Anode layer 105 is followed by one or more organic layers 106. In FIG. 1, these layers provide a layer 106 a for hole transport, made of TPD in the thickness range from about 15 to 30 nm. For some material combinations, layer 106 a may be between 40 and 50 nm thick. Alternatively, hole transport layer 106 a is made of PPV (polyparaphenylene-vinylene), between about 20 and 30 nm thick.
Organic layer 106 a is followed by organic layer 106 b, which provides the light emission and the electron transport. Layer 106 b is preferably made of undoped Alq3 in the thickness range from about 55 to 80 nm. For some optical applications, emissive Alq3 layer 106 b may comprise dopants for achieving the desired light intensity at the preferred wavelength (i.e., for changing the color of the emitted radiation). The dopant may be a dye such as QAC (quinacridone) or DCM (4-(dicyanomethylene)-2-methyl-6-(4-dimethylaminostyryl)-4H-pyran). The dye dopant may be evaporated concurrently with the Alq3 to further increase efficiency; doping concentrations usually<5%. The QAC-doped emissive layer 106 b provides green light, the DCM-doped layer yellow light.
Alternatively, emissive layer 106 b is made of CN-PPV (cyano-substituted PPV), between about 70 and 80 nm thick.
Organic layers 106 are followed by cathode layer 107, preferably made of aluminum or magnesium-aluminum, about 150 to 250 nm thick. Alternative materials for cathode layer 107 are silver or aluminum-calcium mixtures. Layer 107 is electrically connected to receive input signals. Overall, OLED 104 may have an area of about 5 mm2.
The processes used in the fabrication method for OLED 104 are described in more detail in the above-mentioned U.S. Patent Application TI-26315, to which the present invention is related. Overall, these processes are adaptable to miniaturization, compatible with silicon technology, and suitable for mass production.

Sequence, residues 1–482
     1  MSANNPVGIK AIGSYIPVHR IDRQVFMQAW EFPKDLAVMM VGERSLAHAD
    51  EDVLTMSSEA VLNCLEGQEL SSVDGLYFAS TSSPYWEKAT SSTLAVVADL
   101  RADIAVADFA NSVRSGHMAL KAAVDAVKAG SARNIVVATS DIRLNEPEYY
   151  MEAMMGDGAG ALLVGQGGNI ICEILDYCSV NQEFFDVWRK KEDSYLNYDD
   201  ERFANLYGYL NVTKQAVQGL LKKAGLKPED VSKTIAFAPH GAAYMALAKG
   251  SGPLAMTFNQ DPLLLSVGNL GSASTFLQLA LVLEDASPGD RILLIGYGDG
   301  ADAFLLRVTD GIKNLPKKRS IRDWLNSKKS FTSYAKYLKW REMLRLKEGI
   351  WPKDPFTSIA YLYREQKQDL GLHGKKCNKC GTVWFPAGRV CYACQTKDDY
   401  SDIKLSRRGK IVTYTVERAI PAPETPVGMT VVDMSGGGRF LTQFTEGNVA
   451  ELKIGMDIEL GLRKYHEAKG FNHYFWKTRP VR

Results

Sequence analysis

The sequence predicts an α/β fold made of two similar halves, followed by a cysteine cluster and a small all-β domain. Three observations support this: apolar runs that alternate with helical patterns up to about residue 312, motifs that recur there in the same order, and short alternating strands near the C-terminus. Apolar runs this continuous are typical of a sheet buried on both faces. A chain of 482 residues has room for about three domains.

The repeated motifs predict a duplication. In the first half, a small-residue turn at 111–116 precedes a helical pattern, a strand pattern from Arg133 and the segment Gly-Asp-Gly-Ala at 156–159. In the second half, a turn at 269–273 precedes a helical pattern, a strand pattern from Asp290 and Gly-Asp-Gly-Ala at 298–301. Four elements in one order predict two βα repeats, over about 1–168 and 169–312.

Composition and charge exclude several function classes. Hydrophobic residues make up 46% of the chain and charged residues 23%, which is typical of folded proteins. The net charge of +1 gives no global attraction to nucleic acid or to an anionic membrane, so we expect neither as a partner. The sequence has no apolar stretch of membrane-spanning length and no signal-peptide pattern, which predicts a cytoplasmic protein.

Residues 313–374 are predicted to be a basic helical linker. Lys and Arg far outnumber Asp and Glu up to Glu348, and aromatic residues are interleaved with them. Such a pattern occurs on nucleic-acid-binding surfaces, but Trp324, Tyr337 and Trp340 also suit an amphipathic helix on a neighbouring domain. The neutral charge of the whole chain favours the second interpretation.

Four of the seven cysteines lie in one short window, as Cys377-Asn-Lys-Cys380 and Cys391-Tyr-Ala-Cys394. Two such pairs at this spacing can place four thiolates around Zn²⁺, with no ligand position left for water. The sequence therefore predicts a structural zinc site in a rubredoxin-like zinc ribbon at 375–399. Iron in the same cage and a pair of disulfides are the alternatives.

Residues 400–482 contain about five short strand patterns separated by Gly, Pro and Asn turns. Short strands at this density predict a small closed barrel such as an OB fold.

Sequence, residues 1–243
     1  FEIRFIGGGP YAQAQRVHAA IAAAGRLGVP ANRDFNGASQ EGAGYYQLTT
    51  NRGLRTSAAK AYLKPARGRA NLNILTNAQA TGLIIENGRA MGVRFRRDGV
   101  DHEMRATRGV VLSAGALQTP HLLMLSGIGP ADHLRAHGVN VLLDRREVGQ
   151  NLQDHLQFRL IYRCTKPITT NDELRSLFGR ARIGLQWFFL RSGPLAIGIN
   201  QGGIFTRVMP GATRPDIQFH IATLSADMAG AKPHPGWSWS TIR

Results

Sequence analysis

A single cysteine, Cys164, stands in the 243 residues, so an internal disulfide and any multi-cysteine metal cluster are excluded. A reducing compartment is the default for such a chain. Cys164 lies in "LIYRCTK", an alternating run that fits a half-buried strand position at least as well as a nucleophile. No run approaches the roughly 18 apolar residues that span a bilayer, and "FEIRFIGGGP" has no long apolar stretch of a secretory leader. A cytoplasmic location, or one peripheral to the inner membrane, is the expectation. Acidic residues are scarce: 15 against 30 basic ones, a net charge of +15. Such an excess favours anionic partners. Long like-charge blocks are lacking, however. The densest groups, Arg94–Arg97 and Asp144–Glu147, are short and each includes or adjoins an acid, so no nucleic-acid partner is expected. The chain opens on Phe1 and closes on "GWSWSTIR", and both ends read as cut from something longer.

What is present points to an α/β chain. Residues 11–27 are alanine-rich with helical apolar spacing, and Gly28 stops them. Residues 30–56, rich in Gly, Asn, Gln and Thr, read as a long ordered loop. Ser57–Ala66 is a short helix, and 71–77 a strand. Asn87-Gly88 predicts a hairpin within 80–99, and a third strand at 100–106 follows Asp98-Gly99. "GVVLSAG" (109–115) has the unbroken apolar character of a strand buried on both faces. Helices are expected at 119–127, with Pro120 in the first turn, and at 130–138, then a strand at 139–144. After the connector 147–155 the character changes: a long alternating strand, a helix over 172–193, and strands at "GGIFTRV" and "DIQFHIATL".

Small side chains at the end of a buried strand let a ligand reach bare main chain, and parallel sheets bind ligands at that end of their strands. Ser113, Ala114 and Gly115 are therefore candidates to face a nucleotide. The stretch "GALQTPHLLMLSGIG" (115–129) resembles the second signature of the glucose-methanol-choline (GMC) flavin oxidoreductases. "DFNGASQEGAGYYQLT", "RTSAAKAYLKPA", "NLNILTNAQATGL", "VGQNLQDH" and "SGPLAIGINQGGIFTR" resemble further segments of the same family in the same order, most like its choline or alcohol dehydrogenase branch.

Since the fabrication method described above lends itself to fabricating whole semiconductor wafers containing a plurality of units, the individual units have to be singulated from the wafer (typically by sawing or dicing) and packaged in order to form completed optocouplers. An array of optocouplers can also easily be achieved by sawing the completed wafer into arrays.
According to the present invention, the OLED 104 is designed and fabricated such that the OLED active area is aligned with the window of the radiation sensitive device 102; device 102 is thus in the path of the radiation from OLED 104.
It is an important aspect of the present invention that radiation-sensitive device 102 can be selected from a group consisting of a number of semiconductor devices, including a photodiode integrated with an amplifier circuit, a single phototransistor or a photodarlington. In schematic and simplified electrical diagrams, FIG. 2 illustrates an optocoupler using OLED 201 aligned to p-i-n diode 202, which is connected to amplifier 203, and an optically transparent, electrically insulating layer 204; the radiation 205 emitted by the OLED provides optical coupling to the p-i-n diode.
FIG. 3 depicts an optocoupler using OLED 301 aligned with phototransistor 302. FIG. 4 shows an optocoupler using OLED 401 aligned with photodarlington 402.
By way of example, FIGS. 5 and 6 describe in more detail some parameters and characteristics of an optocoupler based on an OLED and a p-i-n diode/amplifier (arrangement of FIG. 2). FIG. 5 lists in a table the key characteristics of a photodiode integrated with an amplifier (device TSL 250 fabricated by Texas Instruments Inc., Dallas, Tex., U.S.A.). Device TSL 250 is a light-to-voltage optical sensor, combining a photodiode and a transimpedance amplifier in a single monolithic integrated circuit. For comparison, the table of FIG. 5 also lists the characteristics of a photodarlington (device SLR-508 F3 fabricated by Silonex, 2150 Ward Avenue, Montreal, Quebec, Canada).